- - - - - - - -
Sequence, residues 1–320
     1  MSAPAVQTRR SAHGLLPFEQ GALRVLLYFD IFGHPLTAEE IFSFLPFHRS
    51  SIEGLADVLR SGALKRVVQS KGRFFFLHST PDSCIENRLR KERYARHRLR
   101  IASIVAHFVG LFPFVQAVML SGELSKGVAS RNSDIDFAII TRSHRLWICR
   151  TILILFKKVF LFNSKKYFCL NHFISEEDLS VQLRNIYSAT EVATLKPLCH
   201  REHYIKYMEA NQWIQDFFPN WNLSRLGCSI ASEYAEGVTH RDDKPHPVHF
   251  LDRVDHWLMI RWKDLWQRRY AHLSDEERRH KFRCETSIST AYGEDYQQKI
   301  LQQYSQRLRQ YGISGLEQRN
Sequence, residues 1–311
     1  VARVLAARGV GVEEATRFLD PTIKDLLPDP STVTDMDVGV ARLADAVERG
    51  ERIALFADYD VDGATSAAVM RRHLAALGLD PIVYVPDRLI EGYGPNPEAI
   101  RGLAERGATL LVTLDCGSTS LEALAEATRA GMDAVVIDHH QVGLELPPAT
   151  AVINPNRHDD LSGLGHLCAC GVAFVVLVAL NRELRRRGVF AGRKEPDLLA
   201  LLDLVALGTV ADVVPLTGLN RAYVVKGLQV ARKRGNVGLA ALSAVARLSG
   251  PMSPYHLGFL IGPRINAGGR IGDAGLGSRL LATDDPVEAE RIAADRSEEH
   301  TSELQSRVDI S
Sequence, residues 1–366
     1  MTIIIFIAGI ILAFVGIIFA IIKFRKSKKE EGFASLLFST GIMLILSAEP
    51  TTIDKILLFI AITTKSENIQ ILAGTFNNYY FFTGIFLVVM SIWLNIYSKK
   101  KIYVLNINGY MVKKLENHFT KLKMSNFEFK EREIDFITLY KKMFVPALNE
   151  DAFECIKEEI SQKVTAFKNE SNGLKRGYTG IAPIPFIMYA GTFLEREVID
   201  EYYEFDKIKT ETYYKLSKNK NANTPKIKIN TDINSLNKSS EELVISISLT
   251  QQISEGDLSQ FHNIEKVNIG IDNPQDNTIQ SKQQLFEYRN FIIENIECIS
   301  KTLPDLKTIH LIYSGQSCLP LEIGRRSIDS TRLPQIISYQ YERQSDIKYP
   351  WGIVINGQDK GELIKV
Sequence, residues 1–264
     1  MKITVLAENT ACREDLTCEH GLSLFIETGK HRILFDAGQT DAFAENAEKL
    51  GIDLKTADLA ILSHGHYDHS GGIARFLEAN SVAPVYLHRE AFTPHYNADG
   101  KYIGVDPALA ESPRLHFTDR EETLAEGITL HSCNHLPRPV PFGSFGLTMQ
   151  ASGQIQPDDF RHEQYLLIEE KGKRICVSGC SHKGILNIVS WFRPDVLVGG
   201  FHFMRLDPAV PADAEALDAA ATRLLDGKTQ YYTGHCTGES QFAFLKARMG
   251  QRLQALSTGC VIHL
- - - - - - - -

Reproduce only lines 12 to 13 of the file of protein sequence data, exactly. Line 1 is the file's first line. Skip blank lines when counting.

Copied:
   101  RGLAERGATL LVTLDCGSTS LEALAEATRA GMDAVVIDHH QVGLELPPAT
   151  AVINPNRHDD LSGLGHLCAC GVAFVVLVAL NRELRRRGVF AGRKEPDLLA